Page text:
Paradise Theatre to reopen late 2018
Art deco cinema gets new life, with elevated dining and updated glamour
After over a decade spent vacant, Paradise Theatre, the Second World War–era art deco cinema at the corner of Bloor Street and Westmoreland Avenue will be given a new life as a fully restored cinema –– but with a few updated perks.
The Paradise Theatre first opened in 1937 and was designed by notable Toronto architect Benjamin Brown, who also designed the Balfour Building at Spadina Avenue and Adelaide Street as well as a number of other art deco buildings around the downtown core. The building was designated as a heritage property in 2012. Shortly after, it was purchased by Moray Tawse, a Canadian vintner and financier.
“In [Tawse’s] childhood, his mother worked at a cinema in Rexdale, and cinema was kind of his daycare,” said David Thorek, director of operations at Paradise Theatre. “There is a nostalgia for him about old classic theatre. He wanted to save this one.”
However, it doesn’t take an established financier to realize that singlescreen cinemas aren’t the most reliable business ventures in 2018. With an ambitious dining program, their plans aim to deliver more than just a bright light in a dark room. In fact, they’ve taken out the old film projection booth altogether in favour of a bar with 36 lounge seats. There will be a digital projector in the auditorium.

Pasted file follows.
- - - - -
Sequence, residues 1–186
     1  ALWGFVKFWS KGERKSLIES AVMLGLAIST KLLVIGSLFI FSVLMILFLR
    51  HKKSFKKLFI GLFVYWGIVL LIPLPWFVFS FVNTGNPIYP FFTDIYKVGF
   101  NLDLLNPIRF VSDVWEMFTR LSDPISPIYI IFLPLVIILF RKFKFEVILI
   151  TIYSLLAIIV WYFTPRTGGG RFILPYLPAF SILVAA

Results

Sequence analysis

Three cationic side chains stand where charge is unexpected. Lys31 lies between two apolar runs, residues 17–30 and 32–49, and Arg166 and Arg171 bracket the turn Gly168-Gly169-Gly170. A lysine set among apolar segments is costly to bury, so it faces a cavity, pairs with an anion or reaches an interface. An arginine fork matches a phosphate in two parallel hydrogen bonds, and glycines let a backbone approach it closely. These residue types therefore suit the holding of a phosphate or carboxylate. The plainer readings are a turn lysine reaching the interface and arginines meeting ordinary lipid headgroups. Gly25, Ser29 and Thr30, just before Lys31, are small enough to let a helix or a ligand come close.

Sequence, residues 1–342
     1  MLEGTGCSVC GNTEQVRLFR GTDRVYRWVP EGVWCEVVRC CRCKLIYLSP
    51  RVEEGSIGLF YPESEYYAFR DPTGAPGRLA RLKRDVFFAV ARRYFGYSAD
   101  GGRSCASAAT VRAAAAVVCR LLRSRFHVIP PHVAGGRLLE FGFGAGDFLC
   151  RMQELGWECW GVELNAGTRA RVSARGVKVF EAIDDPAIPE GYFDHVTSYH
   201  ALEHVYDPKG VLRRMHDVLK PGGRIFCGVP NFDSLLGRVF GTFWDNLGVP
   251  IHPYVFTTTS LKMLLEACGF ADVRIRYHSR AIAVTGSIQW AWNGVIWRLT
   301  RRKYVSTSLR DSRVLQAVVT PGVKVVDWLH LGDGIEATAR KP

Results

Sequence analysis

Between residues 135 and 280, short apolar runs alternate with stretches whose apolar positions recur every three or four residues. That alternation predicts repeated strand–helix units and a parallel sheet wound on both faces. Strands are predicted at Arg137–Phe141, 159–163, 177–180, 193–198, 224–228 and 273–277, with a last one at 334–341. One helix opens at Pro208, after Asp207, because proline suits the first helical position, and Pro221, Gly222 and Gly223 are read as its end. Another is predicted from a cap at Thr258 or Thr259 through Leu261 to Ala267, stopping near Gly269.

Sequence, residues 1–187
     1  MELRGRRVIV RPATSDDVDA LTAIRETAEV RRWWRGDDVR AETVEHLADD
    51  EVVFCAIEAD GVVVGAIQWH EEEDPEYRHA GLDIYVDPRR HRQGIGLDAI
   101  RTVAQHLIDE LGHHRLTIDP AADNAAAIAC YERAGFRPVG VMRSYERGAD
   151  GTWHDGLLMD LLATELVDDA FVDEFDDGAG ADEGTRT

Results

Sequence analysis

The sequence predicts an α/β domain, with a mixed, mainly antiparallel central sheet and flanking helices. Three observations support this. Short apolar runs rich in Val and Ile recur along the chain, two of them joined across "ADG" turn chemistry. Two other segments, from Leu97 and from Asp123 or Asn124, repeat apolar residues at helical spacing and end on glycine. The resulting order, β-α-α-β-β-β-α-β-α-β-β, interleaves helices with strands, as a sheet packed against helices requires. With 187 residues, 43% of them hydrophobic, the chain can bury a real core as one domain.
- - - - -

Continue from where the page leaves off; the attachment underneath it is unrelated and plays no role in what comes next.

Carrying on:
“There is this amazing trend in New York right now where they’ve made it a much richer experience by having great films but also amazing food and beverage options,” said Thorek, citing as examples Nighthawk Cinema and the Metrograph.
With the help of Solid Design Creative for the interior design, Ware Malcomb Architects as the lead architects and ERA Architects as heritage consultants, they were able to bring the building up to code while retaining key architectural elements. According to Julie Tyndorf, an associate with ERA Architects, the elements that were considered of heritage value were mostly on the exterior of the building, but challenges presented themselves with accessibility as well as the sign and marquee outside, which had to be rebuilt to match the original.
“We’re excited to see it finally open,” said Tyndorf. “It’s been a long process and one that we’ve worked on with a number of consultants in order to ensure that the building maintains its heritage value now and in the future.”
The Paradise Theatre is aiming to open in late 2018.
There is a nostalgia for him about old classic theatre. He wanted to save this one.”
David Thorek, Paradise Theatre’s director of operations, at the site